The distinguished philosopher, L.E. Font, ordered the chili five ways. I, less courageous, contented myself with a four-way bowl. As we waited for the delivery of our orders, he started to speak, eyes rolled back in his head, as in a trance.
“The hallmark of our times is the avoidance of risk,” he said, as if channeling a spirit from some distance. “The great advances of financial markets have been the development of mechanisms to shift risk to others.”
“Is that so?” I asked, without anticipating an answer.
“Secondary markets,” he said, “futures markets, credit default swaps and collateralized debt obligations make it possible to find someone who will assume the risk you don’t want to bear. These tools are not unlike insurance, which has been around for centuries. For a fee, someone else assumes the financial risk of your potential loss from fire, accident or other misadventure.”
“True,” I said, pretending this was a conversation.
“Risk-shifting,” Mr. Font continued, “is used in many different forms for a diverse set of risks by virtually all businesses, households and governments. Not all risk-shifting, however, involves financial loss. There is a lively market for shifting blame. Governments often do this when they ‘privatize’ the management of public functions or assets.”
“Quite so,” I agreed.
“When a government entity does not want to assume the political risk of managing its resources, it finds a private firm that, for a price, will do the job. This should not be confused with ordinary outsourcing, which can be a simple exercise of fiscal prudence. Auxiliary snow-removal contracts are a good example. A rational government will not maintain a fleet of snow plows sufficient to handle all possible blizzards. No, it will contract with private vehicle operators to go into action when there is a particularly heavy snowfall.”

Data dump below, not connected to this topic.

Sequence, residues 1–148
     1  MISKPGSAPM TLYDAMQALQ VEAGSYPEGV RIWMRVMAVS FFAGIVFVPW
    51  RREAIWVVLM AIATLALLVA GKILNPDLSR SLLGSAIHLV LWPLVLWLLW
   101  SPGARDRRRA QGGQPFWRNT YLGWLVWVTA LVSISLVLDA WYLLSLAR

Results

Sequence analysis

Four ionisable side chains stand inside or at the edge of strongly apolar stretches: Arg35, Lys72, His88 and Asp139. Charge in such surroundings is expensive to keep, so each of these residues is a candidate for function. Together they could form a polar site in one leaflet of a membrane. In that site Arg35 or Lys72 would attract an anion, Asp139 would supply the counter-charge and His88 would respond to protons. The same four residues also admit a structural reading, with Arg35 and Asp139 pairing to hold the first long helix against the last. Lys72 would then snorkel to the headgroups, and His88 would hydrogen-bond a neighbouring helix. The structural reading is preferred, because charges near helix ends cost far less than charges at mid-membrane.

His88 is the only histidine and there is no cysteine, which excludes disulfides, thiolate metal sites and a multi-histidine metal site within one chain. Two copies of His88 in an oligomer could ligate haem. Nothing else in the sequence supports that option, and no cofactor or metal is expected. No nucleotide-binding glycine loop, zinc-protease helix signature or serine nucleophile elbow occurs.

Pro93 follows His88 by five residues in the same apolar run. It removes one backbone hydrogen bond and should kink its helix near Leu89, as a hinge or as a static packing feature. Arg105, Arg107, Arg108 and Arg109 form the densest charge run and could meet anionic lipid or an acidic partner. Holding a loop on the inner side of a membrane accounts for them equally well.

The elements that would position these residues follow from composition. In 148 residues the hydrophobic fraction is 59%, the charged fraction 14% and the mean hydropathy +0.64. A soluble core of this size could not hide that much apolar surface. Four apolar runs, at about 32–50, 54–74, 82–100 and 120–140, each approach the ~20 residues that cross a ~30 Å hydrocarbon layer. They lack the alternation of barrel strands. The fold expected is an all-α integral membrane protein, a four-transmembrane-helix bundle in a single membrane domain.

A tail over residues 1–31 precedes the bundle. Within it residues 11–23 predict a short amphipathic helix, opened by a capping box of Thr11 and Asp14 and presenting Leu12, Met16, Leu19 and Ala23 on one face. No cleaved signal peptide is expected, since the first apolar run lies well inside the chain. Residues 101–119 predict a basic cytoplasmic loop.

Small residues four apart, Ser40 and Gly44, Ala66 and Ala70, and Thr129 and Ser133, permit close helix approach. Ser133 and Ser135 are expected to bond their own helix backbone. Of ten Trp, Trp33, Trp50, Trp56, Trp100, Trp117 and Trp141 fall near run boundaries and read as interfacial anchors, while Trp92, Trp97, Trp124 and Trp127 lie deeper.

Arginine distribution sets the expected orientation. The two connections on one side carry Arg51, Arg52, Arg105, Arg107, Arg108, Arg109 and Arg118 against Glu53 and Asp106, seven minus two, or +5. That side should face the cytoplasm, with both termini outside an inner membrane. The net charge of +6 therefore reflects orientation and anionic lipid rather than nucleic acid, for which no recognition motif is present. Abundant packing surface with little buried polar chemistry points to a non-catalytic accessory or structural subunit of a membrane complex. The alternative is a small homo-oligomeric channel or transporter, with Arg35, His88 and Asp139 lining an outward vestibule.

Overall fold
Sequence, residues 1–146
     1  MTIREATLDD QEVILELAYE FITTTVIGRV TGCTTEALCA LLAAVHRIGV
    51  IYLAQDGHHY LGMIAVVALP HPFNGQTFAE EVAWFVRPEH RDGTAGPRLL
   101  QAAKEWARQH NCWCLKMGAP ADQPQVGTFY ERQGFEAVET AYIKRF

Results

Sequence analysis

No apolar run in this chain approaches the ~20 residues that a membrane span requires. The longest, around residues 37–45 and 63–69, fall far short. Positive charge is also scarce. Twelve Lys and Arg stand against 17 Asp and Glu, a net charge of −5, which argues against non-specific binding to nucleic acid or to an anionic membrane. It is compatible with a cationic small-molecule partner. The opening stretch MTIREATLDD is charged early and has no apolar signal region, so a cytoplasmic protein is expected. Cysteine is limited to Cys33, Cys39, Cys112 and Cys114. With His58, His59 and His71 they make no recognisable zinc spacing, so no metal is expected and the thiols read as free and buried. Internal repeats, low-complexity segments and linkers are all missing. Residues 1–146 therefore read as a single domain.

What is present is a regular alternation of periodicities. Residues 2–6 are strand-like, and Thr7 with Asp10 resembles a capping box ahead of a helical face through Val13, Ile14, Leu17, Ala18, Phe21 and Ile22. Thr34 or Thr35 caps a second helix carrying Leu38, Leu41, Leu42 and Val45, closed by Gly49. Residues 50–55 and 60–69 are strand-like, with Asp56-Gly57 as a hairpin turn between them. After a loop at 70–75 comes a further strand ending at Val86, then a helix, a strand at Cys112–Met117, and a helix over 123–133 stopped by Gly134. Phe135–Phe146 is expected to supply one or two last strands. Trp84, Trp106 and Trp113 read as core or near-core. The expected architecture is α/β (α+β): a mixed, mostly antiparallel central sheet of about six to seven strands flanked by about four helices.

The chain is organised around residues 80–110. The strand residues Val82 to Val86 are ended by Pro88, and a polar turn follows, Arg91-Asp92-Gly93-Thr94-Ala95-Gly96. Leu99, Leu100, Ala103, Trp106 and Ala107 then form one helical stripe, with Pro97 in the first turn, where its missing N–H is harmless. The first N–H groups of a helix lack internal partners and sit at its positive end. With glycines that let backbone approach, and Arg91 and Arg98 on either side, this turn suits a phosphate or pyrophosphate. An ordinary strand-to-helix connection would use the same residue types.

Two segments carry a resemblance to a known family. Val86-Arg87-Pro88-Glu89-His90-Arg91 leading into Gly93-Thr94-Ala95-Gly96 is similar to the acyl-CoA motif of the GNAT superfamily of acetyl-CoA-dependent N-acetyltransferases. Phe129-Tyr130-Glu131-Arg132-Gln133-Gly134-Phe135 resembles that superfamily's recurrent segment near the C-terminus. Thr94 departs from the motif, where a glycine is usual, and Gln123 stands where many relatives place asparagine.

“Indeed,” I said.
Suddenly, Mr. Font made eye contact with me. “You,” he said with particular intensity, “are witness to several such adventures. Your Indiana Toll Road was leased to a firm that has done a marvelous job of improving that vital highway. But what has it done that the state could not have done? It raised fees and cut employment. Often, politicians are too timid to do what is necessary; then they outsource responsibility to escape blame.”
“But,” I protested, “the state got a big chunk of money to improve our other highways. That was a good deal.”
“Was it?” he asked. “Have you read any analysis of the deal? What do you understand of the sale of the Indianapolis water and sewer systems to a not-for-profit organization that is tangentially responsible to the people of Indianapolis? Yes, much information has been made available, but where is the independent analysis that explains the deal in terms of benefits and risks that we can understand?
“More recently,” he continued, “the same government that traded a vital public asset for a short-term financial boost has negotiated the leasing of its parking activities to a subsidiary of Xerox Corp. The city did not have the courage to raise parking fees. But more to the point, it would seem that the city has given control of its parking lanes to a private company for 50 years. Does the contract allow the city to change the use of those lanes? Can it extend the sidewalks or install bicycle lanes where today cars park?”
Fortunately, at this point, our chili arrived and Mr. Font fell silent. For me, this was a great relief. Philosophy before a meal is always a downer.•
Marcus taught economics for more than 30 years at Indiana University and is the former director of IU’s Business Research Center. His column appears weekly. He can be reached at firstname.lastname@example.org.